I have watched all the Heathland Beekeeping videos on youtube, and I recall that the stocks are "thumped out" and used to restock skeps that are built up for next year to be overwintered. What I didn't put together at the time was that those bees also have a brood break forced on them by the 'thumping".
So to rework my previous analogy (post #17): Under this system think of the bees as part of the crop being rotated through a series of fields (skeps). Each year the harvest is taken, the seed (bees) are gathered and put into a new field (skep), and the old field (skep) is left fallow (empty). Admittedy, this doesn't raise resistance - it was never meant to - but it does serve the bees by allowing them to break free of brood diseases and live on fresh comb.
In that operation new stocks come from prime swarms and casts made in early summer, and from little mating nucs made up from spare collected casts,a nd from culled queen cells. What with the drove bees, I doubt that business is ever short of stocks, and probably sells a great many (the bees would be another crop).
In the much more usual village settings that dominated beekeeping till the 21st C., I would imagine a similar sort of maintenance of stock numbers. I still can't see a great deal of benefit in killing colonies, unless are there just too many at the end of the year, not enough having been sold, and/or a culling of older and/or weaker is desired.
Its worth noting that in all those settings prior to the industrail revolution, and in most well into the 20th C, a large wild native population was also present, which would tend to maintain and transfer naturally selected traits into all but the largets operations.
Its also worth noting that this operation is geared up to this way of working, and the size of its skeps might well be chosen in part to facilitate it. I'd think pretty much all skeps would swarm - certainly all the more vigourous - simply because that's what bees do when they run out of room. Larger skeps would tend to swarm less reliably - though all else being equal those that did would be the more vigorous and productive colonies - or perhaps those with a propensity to swarm.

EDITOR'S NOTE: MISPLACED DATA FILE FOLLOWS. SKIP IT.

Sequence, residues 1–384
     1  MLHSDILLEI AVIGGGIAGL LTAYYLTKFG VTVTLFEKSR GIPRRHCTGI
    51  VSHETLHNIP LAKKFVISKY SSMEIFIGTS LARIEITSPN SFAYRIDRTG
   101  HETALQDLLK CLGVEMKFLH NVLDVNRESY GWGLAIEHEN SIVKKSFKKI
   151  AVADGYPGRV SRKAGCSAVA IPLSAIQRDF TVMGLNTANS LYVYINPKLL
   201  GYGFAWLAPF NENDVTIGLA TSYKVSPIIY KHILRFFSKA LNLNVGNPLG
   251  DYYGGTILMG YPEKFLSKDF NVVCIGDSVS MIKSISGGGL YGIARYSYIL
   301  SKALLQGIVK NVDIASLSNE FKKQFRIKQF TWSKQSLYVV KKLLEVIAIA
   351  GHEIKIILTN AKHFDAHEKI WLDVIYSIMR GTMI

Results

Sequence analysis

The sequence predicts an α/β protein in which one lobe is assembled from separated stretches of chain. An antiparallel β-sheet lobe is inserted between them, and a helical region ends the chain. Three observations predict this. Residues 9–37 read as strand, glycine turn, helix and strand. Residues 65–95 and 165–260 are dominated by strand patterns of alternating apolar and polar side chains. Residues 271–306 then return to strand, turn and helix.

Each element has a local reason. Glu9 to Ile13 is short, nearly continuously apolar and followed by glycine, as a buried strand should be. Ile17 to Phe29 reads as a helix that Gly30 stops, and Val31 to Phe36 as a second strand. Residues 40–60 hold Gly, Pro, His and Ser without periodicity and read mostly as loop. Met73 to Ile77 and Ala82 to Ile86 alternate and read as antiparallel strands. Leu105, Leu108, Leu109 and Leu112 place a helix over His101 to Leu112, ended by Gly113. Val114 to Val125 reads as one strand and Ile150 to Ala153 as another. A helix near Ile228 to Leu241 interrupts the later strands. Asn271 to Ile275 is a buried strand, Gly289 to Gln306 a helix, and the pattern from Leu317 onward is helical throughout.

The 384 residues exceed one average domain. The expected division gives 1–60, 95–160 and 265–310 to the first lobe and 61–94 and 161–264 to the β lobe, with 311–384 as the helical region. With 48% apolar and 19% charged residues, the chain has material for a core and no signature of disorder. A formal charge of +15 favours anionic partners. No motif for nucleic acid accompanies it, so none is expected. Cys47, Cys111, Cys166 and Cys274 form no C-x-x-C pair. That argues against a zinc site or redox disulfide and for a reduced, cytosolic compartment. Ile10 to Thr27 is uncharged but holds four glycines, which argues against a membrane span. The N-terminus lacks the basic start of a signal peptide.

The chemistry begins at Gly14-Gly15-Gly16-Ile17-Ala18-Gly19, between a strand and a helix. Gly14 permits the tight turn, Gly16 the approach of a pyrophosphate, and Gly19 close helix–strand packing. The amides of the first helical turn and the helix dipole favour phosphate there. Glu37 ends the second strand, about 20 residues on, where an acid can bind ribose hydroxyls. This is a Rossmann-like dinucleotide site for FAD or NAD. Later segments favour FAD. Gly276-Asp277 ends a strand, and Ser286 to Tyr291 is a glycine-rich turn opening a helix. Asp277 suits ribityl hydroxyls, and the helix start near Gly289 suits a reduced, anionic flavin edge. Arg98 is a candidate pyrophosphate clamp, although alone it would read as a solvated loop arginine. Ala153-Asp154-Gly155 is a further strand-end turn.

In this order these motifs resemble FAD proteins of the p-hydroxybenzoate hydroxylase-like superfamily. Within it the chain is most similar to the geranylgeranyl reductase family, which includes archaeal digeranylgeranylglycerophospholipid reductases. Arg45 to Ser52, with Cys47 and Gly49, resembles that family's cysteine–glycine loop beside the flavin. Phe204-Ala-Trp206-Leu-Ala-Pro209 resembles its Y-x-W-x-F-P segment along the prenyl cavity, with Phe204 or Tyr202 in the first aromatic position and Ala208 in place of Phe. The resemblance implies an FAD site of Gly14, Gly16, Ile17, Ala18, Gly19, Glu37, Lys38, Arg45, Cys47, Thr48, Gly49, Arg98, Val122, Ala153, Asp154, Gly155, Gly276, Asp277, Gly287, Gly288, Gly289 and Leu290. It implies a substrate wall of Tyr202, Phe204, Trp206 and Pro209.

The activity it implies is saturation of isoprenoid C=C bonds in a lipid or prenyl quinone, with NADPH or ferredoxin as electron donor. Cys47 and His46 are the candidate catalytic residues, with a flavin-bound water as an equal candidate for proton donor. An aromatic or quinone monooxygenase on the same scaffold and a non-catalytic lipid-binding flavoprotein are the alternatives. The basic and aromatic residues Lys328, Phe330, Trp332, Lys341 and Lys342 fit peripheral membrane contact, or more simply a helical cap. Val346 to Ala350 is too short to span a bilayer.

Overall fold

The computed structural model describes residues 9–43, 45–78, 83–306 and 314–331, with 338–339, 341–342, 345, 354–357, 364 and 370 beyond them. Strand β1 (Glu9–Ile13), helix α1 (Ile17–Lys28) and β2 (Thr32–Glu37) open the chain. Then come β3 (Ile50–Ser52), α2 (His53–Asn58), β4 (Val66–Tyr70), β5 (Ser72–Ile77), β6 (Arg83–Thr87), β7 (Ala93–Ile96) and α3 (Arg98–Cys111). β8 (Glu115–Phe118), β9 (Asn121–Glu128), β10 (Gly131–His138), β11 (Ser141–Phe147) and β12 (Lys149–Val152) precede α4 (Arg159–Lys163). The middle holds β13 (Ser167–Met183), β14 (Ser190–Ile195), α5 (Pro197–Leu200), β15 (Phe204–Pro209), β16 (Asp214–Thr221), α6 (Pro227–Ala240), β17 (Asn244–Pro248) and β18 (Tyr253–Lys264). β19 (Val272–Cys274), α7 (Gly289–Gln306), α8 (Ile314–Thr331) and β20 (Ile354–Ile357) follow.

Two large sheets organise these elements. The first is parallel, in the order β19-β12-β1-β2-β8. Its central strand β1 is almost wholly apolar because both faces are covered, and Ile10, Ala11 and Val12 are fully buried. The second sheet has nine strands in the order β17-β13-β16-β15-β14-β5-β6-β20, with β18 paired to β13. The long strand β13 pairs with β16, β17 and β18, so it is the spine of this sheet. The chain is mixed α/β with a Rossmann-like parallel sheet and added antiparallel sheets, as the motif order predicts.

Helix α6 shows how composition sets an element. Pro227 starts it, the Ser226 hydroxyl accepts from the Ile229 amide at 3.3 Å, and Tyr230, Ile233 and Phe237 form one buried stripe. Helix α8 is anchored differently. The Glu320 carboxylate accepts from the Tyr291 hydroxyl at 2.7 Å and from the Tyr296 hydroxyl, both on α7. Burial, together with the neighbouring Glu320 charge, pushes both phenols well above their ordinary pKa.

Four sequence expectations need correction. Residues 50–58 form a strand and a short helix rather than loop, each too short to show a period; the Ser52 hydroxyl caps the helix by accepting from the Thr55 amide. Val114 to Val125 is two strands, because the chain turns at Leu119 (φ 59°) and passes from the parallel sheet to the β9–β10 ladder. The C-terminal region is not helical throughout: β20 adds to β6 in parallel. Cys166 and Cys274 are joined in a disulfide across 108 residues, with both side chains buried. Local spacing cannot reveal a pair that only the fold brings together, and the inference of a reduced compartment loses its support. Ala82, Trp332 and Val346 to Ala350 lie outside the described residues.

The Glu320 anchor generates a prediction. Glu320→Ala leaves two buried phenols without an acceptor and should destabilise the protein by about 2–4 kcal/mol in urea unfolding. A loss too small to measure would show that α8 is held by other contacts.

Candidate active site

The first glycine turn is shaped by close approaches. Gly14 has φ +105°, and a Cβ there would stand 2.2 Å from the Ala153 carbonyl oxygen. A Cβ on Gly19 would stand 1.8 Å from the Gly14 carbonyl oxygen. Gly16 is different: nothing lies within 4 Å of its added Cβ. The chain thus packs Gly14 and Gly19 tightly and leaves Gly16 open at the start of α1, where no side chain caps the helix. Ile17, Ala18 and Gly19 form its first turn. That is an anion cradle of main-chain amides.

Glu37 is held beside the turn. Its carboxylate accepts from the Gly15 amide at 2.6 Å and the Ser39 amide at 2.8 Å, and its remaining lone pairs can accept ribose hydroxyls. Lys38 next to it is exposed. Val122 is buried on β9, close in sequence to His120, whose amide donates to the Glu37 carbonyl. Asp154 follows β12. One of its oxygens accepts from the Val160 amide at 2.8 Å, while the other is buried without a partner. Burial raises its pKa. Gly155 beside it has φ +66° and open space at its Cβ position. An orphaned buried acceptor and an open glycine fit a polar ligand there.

It all very interesting, but I think we should be careful how much we analyse this model and extrapolate to a proposed norm. And we shouldn't simply assume no artificial selection of any kind is going on.
I believe that I predicted that there would be no point to this "conversation" but to restate my attempt to communicate certain facts to you: bees have been swarming and using brood breaks to deal with parasite problems for millions of years. And despite your attempts to invoke historic support for your apparent view that brood breaks are antithetical to proper animal husbandry, it turns out that swarms, including the unavoidable brood break, have been the manner in which beekeepers have always made increase, prior to the invention of movable frames.
No doubt, you will resist these facts by your usual techniques, but I've grown bored. So, bye.
Ray--1 year, 7 hives, TF
I'd still like my simple question answered, ie, what was the assumption he referred to?
But I guess some folks would rather spend pages arguing and obtusificating, that answering a simple question.
And it is that attitude, why Bispham threads always go the way they do.
The same way I make them now but with a bit of hot wax or some sharp sticks to affix the brood comb.
If I were in a village setting in say Europe, any time when skeps were still used, and found myself with a couple of strong colonies in April, where I usually had 12 or 15, I'd be tempted to make daughter colonies.
In any year, I'd want my stock numbers up to maximise my harvest, and I'd do what I could. I'd be astonished if that didn't involve making daughter colones, and sometimes, deliberately raising and mating queens too. It maximises production, and takes out uncertainty - so it should be anticipated.
What I've always said was that systematic use of brood breaks seems to me to be no different to chemical treatment in its effect on the co-evolution of bees and mite. It seems to me to be less than a half-measure, something that will act as a brake on a fuller co-evolution, which would allow colonies to live and thrive without having to swarm every year.
Whether that's still a good thing in the very different modern context (of very few feral bees in which natural selection can remove the weaker efficiently and thoroughly) is another matter.
(separately) It seems likely to me that the uniformity of size of the skeps we've seen in the German documentary are not a natural feature. That practice would tend to select for bees that do well in that size of cavity. And at that scale you're automatically selecting for bees that do well under that general regime. Maybe those are not important points. Maybe they are.
Thanks for prompting me to learn stuff, and giving me food for thought. Good luck with your bees.
 Table 24.4A http://books.google.co.uk/books?id=M...eeping&f=false
I've lightly scanned a bit deeper and found that a german writer in the 1500s was noting queen cages.
P 239 (North Western Europe) has talk about skeps being made small to encourage early swarming
P 240 looks like a good place to start reading about UK skep beekeeping in the Early Modern Period.
Last edited by mike bispham; 03-24-2014 at 12:33 PM.